4

You could try strace: strace -e trace=connect your_program with arguments Here is an example output: $ strace -e trace=connect ssh somehost -p 8081 connect(3, {sa_family=AF_LOCAL, sun_path="/var/run/nscd/socket"}, 110) = -1 ENOENT (No such file or directory) connect(3, {sa_family=AF_LOCAL, sun_path="/var/run/nscd/socket"}, 110) = -1 ...


2

No this is perfectly fine to use an ACCEPT policy for the nat table. Using a DROP policy would be an anomaly. A packet traverses various chains in various tables following this schematic: Being accepted, just means the packet gets an other chance of being accepted or dropped in the next round (ie: the next chain and its rules to receive this packet). Being ...


1

A word of warning: Opening up 1433/TCP to the internet (with source: Any) is quite a security risk. Think twice about your intentions here! Install SSMS on the mentioned VM and ensure that you can connect locally to your MSSSQL server. Also ensure that Allow remote connections to this server is ticked (in SSMS go to the properties of your server > ...


1

You need to change one or two kernel tunables - on client machine. To make TCP keepalive (ENABLE=BROKEN) useful. By default Linux kernel sends the 1st TCP keepalive probe after 2 hours: Linux kernel: # cat /proc/sys/net/ipv4/tcp_keepalive_time 7200 Delay before the 1st probe is sent - after 2 hours !!! # cat /proc/sys/net/ipv4/tcp_keepalive_intvl 75 ...


1

Yes, you missed an important detail. But it's not your fault; this is very poorly documented and apparently not well known. The iptables command has a significant design flaw: It doesn't actually display the complete firewall rule unless you use the -v command line option. If you repeat the iptables command and add -v you will see that that rule accepts all ...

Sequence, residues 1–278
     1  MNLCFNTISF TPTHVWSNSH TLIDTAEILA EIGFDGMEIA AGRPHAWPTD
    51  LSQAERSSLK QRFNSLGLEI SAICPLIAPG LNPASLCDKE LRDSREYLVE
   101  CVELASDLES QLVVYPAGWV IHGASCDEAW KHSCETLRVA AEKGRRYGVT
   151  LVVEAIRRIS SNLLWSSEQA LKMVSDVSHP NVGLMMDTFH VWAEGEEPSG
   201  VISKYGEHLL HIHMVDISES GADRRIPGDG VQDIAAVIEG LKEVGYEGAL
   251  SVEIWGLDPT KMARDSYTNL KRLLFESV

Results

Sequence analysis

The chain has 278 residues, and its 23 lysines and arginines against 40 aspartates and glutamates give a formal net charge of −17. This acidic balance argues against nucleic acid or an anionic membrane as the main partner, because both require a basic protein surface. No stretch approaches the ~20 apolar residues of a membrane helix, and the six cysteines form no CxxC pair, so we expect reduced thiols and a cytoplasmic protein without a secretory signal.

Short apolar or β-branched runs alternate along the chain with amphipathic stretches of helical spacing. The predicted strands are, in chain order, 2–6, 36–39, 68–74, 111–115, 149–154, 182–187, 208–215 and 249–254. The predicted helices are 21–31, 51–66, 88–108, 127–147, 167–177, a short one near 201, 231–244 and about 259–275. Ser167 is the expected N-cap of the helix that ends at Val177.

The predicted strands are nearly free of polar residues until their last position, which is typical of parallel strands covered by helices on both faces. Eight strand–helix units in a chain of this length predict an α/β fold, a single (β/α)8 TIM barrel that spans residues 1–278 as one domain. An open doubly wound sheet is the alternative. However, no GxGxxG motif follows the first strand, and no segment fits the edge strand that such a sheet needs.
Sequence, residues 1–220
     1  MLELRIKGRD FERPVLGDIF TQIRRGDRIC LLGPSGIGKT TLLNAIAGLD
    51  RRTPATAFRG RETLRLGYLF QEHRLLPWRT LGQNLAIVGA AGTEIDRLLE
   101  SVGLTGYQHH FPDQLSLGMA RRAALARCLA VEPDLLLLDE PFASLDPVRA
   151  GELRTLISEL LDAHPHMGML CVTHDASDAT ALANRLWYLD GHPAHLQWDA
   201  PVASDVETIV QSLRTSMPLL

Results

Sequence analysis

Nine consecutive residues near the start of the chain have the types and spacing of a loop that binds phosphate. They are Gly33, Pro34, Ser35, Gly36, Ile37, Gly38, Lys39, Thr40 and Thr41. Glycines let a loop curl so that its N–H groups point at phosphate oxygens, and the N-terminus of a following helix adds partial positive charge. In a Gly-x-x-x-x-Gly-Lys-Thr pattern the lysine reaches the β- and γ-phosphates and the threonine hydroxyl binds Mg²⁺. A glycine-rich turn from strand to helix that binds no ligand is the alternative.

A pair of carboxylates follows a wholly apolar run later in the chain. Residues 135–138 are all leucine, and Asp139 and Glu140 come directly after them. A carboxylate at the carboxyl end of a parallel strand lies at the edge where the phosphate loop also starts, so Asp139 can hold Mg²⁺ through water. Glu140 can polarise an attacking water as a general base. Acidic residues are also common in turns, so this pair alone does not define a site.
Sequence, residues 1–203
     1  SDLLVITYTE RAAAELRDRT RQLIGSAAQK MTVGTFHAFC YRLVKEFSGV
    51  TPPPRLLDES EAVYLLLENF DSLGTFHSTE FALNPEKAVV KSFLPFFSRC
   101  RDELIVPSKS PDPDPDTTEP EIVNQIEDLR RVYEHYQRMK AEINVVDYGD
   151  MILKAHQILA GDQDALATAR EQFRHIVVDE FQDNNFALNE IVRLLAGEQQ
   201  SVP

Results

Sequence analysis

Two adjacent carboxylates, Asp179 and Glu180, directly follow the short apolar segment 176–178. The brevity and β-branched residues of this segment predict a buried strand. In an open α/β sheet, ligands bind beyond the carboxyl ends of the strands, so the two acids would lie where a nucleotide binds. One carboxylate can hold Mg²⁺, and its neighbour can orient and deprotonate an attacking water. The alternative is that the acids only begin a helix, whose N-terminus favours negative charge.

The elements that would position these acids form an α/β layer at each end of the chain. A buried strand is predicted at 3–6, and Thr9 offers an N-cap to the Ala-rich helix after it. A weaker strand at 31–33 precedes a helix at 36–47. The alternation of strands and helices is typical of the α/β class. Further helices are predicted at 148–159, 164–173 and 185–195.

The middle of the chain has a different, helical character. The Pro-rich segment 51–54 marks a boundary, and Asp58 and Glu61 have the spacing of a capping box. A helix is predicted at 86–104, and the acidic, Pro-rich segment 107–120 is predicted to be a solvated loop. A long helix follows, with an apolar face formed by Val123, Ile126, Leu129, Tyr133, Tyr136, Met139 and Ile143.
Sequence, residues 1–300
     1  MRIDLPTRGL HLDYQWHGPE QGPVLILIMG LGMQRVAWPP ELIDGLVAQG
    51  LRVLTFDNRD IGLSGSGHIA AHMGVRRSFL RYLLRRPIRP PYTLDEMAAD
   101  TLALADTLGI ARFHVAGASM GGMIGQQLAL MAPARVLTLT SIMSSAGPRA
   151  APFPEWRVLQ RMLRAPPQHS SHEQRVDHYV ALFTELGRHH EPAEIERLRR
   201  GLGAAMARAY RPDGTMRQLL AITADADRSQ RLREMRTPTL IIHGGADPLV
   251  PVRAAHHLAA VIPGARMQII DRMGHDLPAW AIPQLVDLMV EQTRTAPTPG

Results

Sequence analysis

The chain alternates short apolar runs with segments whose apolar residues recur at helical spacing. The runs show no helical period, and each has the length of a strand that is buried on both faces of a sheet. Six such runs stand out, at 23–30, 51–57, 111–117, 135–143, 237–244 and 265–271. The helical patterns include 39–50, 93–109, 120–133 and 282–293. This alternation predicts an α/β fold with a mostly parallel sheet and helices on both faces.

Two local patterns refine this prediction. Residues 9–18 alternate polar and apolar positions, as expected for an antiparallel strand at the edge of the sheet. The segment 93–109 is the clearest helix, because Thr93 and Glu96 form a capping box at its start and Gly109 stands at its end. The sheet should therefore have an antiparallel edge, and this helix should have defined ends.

1

By default Docker manages its own firewall rules via calling iptables directly. It will allow a port in the firewall when you expose it in your container. These are not visible in ufw.


1

I spoke with my isp and its their fault. They have an weird network. So i always only get an internal ip address from every package that arrive.


1

Seeing verdict drop in the trace is normal. The reject still sends the proper ICMP error, not simply dropping the packet. You can fire up Wireshark and look at them if you wish to be sure. Yes, this is confusing.


1

You can configure your iptables rules to log traffic, and see exactly what traffic was being sent at the time you ran a given program. This won't work well on a busy system, as it doesn't actually tell you which program sent which traffic, but on a light load, you should be able to piece together what's happening. Example for input and output: iptables -A ...


Only top voted, non community-wiki answers of a minimum length are eligible